I may be an anomaly in the narcissistic "broadcast all to the world" era that is social media but I'm not convinced that making it even easier for anyone, with whatever agenda to track you is a good idea. It allows those with specific agendas to identify traits and either exploit or victimise as they wish; the end result being an ever restrictive form of groupthink and social conformity.

    As I said at the outset I can see that there may be some advantages (though these are always couched in generalities rather than specifics) but there are certainly opportunities for exploitation leading to big disadvantages.

    Finally, to forestall the "if you've done nothing wrong you've nothing to hide/fear" arguments:
    1) If I've done nothing wrong, you don't need to monitor me
    2) In that case, please post your entire shopping history, bank details, home address, family movements and itineraries, tax details.... online for all to see -- after all you've nothing to hide --have you?

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  • 5
    Matt Palmer wrote on 15th Jan 2016

    I think analogies with things like passports and driving licenses can be dangerous and misleading.

    You only show a passport when moving from one jurisdiction to another, and only show it to authorised personnel. I don't need to "show my papers" in normal life to do everything. I don't need one at all if I'm not travelling abroad. Would an internet password allow anyone to see who was doing what at all times?

    Driving licenses are only required when using a potentially dangerous vehicle. I don't need one to ride a bicycle on the roads.

    And even if we go down this road (sic!), is an identity even generally required? Couldn't there be an anonymous authorisation to conduct certain activities, which could be revoked if needed? That authorisation may ultimately be linked to a real world identity by some suitable provider, but there is no need for the world and his dog to know who I am when going about my daily business.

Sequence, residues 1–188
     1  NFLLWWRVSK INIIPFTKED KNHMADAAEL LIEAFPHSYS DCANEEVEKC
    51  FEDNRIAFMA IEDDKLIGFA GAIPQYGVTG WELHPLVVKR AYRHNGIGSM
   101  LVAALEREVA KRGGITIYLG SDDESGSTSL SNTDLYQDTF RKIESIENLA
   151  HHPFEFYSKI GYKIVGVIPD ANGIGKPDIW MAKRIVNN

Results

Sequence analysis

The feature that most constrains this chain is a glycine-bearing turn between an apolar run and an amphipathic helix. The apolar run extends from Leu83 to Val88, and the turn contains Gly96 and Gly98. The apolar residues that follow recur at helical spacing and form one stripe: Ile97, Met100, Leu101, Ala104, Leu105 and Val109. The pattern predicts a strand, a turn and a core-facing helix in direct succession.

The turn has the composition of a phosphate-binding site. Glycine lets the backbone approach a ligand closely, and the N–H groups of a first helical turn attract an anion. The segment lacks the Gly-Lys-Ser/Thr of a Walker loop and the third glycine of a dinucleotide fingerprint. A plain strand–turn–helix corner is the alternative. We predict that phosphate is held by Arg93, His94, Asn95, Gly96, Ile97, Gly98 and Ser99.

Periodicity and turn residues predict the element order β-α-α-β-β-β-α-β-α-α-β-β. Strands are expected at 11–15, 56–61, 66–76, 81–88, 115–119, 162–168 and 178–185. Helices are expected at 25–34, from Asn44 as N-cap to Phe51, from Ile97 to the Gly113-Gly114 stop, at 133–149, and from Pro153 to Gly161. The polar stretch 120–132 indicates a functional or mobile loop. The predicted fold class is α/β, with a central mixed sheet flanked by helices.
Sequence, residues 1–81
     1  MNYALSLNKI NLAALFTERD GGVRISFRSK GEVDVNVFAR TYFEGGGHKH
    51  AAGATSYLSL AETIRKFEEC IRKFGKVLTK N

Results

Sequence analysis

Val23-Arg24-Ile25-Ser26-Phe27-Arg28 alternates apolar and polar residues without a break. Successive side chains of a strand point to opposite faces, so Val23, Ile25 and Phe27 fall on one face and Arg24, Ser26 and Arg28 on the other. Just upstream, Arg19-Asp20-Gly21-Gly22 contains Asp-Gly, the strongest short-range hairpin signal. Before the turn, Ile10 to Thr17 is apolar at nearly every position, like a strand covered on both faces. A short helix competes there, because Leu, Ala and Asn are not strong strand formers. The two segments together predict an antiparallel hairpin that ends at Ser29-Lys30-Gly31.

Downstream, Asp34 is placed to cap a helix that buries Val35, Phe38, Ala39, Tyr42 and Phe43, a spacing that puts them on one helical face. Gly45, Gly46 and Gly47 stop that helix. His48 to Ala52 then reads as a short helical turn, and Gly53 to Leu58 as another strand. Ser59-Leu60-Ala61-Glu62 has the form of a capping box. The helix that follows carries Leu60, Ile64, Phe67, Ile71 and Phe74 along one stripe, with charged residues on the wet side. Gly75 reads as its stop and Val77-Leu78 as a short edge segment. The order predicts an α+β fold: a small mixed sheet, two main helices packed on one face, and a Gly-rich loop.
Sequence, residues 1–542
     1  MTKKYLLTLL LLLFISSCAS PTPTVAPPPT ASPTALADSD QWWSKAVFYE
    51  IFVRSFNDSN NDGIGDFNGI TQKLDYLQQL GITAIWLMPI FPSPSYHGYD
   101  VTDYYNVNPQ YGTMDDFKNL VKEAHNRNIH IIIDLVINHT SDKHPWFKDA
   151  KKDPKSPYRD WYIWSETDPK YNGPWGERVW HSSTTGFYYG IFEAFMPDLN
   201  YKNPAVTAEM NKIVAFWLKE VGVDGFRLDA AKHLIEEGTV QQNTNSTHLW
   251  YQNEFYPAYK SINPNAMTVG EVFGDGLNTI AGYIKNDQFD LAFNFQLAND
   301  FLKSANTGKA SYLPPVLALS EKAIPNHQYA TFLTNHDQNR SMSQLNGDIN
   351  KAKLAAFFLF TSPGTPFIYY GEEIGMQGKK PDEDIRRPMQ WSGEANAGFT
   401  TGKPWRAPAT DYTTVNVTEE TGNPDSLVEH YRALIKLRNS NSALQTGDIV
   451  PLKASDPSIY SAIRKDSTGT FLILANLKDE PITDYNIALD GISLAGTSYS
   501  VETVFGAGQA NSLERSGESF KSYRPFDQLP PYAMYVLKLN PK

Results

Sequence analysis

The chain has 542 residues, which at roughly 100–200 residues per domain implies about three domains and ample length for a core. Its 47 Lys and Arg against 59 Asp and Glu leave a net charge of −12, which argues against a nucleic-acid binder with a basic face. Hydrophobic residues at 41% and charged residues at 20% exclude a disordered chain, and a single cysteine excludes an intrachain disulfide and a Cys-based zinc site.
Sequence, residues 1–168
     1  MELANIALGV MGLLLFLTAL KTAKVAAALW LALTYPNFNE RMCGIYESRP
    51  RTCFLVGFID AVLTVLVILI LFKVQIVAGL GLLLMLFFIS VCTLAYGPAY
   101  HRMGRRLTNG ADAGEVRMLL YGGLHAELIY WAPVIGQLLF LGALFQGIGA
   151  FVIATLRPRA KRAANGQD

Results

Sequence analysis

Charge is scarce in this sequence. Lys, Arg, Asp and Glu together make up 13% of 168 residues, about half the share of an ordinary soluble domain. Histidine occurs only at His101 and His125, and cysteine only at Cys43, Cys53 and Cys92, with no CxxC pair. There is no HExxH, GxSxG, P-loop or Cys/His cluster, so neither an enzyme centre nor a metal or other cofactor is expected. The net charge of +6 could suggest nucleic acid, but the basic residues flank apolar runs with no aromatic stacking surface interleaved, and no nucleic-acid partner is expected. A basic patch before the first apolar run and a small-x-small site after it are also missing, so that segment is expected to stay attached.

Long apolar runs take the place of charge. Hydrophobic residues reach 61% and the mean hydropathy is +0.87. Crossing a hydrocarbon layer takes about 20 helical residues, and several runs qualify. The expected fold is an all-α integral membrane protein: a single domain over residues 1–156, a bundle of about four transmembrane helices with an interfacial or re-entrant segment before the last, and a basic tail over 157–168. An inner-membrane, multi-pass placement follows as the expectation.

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  • 6
    Kay Hughes wrote on 18th Jan 2016

    Matt Palmer is absolutely right. Passports are not needed for everything we do in life.
    I would go further and point out that passports alone are not sufficient to visit many countries: nation-specific visas are needed. This is because each nation or group of people has different ideas about who should or should not be trusted.
    A 'one-size-fits-all' identity 'document' does not work in the real world. It is even more inappropriate in the world of cyber-space, where we may connect with very diverse groups of people and wish to share different information with them depending on what we want from the relationship (health, business, pleasure etc.) and how much we trust them.
    Much could be done to improve the ways that we identify ourselves in cyber-space, including more widespread use of trusted third parties to broker new relationships... but that would be an article in its own right.

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  • 7
    Mike Lee wrote on 27th Jan 2016

    A bit behind the times and quaintly out of touch. Whereas in the real world, personal digital certificates already serve the purpose where the applications demand it. What is needed is the political will of governments, international concensus, infrastructure and regulation. Good luck on that.